Dali, China 2011

At the end of July of 2011, I found myself trekking around the City of Dali, China. Dali is situated in the transition area between the dramatic valleys of the eastern Tibetan Plateau and the distinctive mountains of the western Yungui Plateau.

The area map of Dali City, China

The county-level city surrounds Erhai Lake between the Cang Mountains to the west and Mount Jizu to the east. Dali has a long history dating back to the time when area was the center of the Nanzhao Empire. The present ancient city of Dali was mostly built during the Ming dynasty, though there are some older buildings and structures remaining from earlier eras.

A view from the top of the Cang Mountains, looking east toward Lake Erhai and Dali City. Picture taken from the Ximatan Cableway.

My first night in Dali City, I explored the nearby Yuer Park, with my trekking buddies. Pictured below, I’m standing on the North Gate of near Foreigner’s Street (Hu Guo Lu). The area had a lot of marble objects, water and gardens.

The North Gate of Yuer Park in the Ancient City of Dali, China

That first night in the Ancient City of Dali, on Foreigner Street, my trekking group accidently happened upon the local Naxi’s Torch Festival. The traditional Torch Festival, also know as the Fire Festival, is one of the most important holidays of the Naxi people in southwest China, and is also celebrated by other ethnic groups of the region, such as the Yi, Bai, Hani, Lisu, Pumi and Lahu. It’s celebrated on the 24th or 25th day of the 6th month of the lunar calendar, which usually corresponds to the end of July, while we were there.

The Torch Festival 2011 in Dali, China.

For 3 days, men and women, young and old, carry flaming torches and engage in a variety of activities. The Torch Festival featured – of course – lighting up torches, hence its name. The origin of the festival is the worship of fire by the people’s ancestors, who believed fire had the power to not only chase away evil and to protect crop growth but also – very practical – to repel insects.

The Torch Festival Central Faggot-Pile in Dali, China

During the festival, pictured above, torches were erected in front of every household, and a pile of faggots several meters high were erected in the center of the square. When night fell, the gongs and horns were sounded, people of all ages came forward to ignite a faggot pile. Cheerful flames leaped up to the sky, crackling and spluttering all the while. Shouts of joy together with the boom of gongs and drums created a beautiful musical sea of rejoicing. It was quite the event to witness.

Tie-dyeing vat in Zhoucheng, (near Dahli, China).

The next morning, my trekking group visited the Zhoucheng Village in Dali Old City. It is famous as the Hometown of Bai People’s Tie-dyeing Art. Tie-dying originated from this location, over 1,000 years ago. Pictured above, tie-dyeing is a technology of printing flower patterns on cloth. As the name suggests, the process divided into “tie” and “dye”. Tie refers to making the cloth into certain shapes by pinching, creasing and flanging it according to the flower patterns. They are then tied tightly together to make a bunch of knots. Pictured below, the aim of tying the knots is to dye the untied part while retaining the original color of the knotted parts. The tighter the knots were tied, the better the effect of the color printing is achieved.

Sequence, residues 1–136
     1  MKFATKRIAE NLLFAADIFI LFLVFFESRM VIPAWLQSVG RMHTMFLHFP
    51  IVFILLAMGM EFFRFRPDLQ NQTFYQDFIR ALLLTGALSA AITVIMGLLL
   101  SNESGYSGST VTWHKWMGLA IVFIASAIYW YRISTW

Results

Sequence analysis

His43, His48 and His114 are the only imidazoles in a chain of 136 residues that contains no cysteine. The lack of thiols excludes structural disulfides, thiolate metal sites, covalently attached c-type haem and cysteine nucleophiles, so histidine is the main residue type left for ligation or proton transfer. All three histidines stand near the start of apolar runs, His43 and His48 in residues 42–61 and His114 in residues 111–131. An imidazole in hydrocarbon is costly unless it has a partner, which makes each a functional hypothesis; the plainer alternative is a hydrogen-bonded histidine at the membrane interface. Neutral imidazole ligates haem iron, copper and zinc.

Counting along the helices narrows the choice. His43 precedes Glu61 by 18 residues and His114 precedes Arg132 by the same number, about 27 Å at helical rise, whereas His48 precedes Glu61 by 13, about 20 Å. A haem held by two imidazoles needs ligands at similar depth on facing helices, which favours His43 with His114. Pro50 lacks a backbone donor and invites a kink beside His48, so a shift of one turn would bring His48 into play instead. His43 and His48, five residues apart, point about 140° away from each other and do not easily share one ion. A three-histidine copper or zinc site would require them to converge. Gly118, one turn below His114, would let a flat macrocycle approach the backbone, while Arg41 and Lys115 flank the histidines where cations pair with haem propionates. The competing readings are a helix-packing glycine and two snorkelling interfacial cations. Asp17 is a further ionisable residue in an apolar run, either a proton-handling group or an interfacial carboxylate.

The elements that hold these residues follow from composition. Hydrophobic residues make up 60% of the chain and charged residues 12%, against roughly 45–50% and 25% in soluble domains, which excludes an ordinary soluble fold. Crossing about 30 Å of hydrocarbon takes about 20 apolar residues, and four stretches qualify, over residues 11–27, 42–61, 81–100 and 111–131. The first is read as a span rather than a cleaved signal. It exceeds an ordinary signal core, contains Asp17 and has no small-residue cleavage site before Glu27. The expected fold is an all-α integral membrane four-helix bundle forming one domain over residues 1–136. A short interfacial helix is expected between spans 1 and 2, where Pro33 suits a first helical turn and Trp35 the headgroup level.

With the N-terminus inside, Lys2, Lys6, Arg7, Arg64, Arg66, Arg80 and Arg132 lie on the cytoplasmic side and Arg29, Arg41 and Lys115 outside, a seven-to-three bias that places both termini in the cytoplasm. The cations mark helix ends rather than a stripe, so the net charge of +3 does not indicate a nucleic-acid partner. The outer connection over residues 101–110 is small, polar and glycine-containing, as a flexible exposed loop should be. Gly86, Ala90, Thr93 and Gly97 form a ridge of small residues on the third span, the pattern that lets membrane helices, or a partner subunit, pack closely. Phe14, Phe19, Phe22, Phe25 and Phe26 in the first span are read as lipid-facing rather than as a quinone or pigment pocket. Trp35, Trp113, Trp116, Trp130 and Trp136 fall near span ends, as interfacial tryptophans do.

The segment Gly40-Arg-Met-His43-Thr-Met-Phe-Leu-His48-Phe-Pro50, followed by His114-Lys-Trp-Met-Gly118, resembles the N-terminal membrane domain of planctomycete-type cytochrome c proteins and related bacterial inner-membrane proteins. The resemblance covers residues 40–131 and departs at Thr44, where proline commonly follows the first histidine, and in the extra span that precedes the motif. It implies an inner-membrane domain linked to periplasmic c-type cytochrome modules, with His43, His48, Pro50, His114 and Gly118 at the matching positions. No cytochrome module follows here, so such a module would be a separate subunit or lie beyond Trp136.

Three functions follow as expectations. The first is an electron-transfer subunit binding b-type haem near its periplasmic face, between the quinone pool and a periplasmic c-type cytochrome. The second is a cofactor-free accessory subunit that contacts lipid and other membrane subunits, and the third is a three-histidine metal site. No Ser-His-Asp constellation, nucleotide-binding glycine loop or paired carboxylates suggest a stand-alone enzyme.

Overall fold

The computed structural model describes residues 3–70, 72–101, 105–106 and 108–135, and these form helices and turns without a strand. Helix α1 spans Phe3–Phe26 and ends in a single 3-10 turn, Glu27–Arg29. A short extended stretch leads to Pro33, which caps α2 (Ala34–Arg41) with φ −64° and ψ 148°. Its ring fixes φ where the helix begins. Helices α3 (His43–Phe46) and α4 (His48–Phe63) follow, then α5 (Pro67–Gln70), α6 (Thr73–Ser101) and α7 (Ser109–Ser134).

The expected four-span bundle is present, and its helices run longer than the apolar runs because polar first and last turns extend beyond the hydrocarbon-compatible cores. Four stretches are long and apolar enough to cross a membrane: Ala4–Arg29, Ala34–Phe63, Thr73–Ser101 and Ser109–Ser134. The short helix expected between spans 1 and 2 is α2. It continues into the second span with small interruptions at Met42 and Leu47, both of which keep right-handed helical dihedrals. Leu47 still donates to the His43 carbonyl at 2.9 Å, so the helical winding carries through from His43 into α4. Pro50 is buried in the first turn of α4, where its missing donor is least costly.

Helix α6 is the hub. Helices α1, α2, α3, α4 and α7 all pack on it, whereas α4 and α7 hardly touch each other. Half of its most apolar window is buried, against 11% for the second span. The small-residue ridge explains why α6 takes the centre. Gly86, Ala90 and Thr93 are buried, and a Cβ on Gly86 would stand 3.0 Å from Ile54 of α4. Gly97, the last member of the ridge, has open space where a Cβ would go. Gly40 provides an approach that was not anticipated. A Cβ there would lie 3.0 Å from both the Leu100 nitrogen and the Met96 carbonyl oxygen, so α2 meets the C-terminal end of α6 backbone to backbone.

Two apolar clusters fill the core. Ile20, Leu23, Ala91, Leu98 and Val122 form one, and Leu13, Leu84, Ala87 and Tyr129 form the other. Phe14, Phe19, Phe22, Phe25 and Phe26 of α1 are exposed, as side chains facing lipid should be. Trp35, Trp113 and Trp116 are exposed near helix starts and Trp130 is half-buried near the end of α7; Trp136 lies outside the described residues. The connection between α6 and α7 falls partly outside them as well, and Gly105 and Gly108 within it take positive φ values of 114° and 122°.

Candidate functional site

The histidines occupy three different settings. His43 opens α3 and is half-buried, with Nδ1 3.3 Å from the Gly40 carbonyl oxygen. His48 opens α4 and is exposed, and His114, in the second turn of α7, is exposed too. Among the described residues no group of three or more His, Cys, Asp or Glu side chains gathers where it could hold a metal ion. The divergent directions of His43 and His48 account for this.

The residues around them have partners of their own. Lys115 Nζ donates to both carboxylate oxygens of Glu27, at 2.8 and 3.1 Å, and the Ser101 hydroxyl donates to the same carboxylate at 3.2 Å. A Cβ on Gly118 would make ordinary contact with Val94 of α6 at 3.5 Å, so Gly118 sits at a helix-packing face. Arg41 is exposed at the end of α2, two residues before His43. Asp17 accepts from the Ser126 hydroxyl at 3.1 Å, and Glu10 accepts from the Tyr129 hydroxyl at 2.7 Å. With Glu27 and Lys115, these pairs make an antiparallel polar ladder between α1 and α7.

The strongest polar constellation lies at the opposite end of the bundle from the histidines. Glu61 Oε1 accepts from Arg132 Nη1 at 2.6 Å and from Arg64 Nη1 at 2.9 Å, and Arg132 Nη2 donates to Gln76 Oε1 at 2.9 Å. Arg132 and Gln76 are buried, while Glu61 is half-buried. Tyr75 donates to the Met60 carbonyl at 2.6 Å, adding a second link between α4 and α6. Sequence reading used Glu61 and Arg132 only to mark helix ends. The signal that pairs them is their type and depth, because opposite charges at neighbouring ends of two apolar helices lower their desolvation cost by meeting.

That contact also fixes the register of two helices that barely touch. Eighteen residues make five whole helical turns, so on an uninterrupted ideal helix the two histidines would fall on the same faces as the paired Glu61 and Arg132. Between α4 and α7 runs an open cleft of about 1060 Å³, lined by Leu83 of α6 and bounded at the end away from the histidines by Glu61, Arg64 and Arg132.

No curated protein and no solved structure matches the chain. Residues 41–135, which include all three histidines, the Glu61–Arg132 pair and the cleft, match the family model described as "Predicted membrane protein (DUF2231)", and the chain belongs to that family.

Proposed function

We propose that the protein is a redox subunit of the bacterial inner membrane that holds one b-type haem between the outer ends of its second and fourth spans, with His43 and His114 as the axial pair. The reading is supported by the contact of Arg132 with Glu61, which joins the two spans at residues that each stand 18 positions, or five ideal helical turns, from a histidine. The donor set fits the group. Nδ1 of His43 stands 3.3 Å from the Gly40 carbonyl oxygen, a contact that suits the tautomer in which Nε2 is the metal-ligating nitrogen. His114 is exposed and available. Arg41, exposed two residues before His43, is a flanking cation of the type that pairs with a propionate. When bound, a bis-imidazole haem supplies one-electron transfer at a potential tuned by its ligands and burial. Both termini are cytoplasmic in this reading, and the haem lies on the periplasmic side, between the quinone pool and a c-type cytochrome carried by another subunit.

The “tie” portion of the historical process.

The dyeing process involved; first soaking the ‘knots’ into clear water, followed by immersing them in the dye vat for a period of time before taking them out to dry. After drying, they are again put back in the dye vat and the process is repeated until a satisfactory color is achieved. Once dried, stitches are taken out of the knots and the cloth is smoothen out to reveal that part of the cloth, was sewn and form beautiful flower patterns and the dye crease marks.

Some of the product of the tie-dying method.

The main colors of the tie-dying process are white and blue, with the white color for the flower patterns and the blue for the background, (pictured above). The contrast of these two colors shows the beauty of simplicity, which reflects the Bai People’s way of life.

Isatis Root plant.

The main dye comes from the Ban Lan Gen, the Isatis Root in English. Pictured above, cloth dyed with this plant’s extract is good to the skin and presents a color of bluish green that is not easily faded.

Trekking up the side of the Cang Mountains

The following day, my trekking group decided to hike up the side of the Cang Mountains. The Cang Mountains (Cangshan) are a mountain range west of Dali City.

Map of Cangshan taken from the entrance ticket given at the site.

Cangshan’s snow-capped peaks, flowing clouds, murmuring brooks and diverse flora make it a great day-hike for us to do. Pictured above, the picturesque creeks run between each of the summits, and serene waterfalls cascaded their way down the rocks.

I’m taking a break at a waterfall on the Qingbi Stream in the Cang Mountains.

Our last day at Dali City, we visited the Chongsheng Temple and Three-Pagoda Culture Tourist Area. Pictured below is a map of the area. Located at the foot of Yingle Peak of Cangshan Mountain, Chingsheng Temple is also name Three-Pagoda Temple. Erected in the Kaiyuan Reign of the Tang Dynasty (713-741 A.D.) and expanded in the later dynasties, the temple reached it’s peak in Dali Kingdom period of the Song Dynasty, and became the imperial temple, political and religion center of Nanzhao Kingdom and Dali Kingdom. It is dubbed as the “Buddhism Center”.

Picture taken of an Interpretive Sign and Map of the Chongsheng Temple and Three-Pagoda Culture Tourist Area.

Covering an area of 5.68 square kilometers and located at the eastern foot of Cangshan Mountain and the north suburban of the Ancient City of Dali, Chongsheng Temple & Three-Pagoda Cultural Tourist Area is among the first cultural relics under conservation listed by the State Council, and is a national key tourist area integrating Cangshan Mountain landscape, relics, Buddhism culture and leisure.

Map provided from a flyer given at the site

The construction of Chongsheng Temple was resumed in 2003 and finished in 2005. Centered on the protection of the three pagodas, the construction integrateds the architectural characteristics of Tang, Song, Yuan, Ming and Qing Dynasty, featured with the layout of one primary and two secondary lines, nine phases and eleven terraces.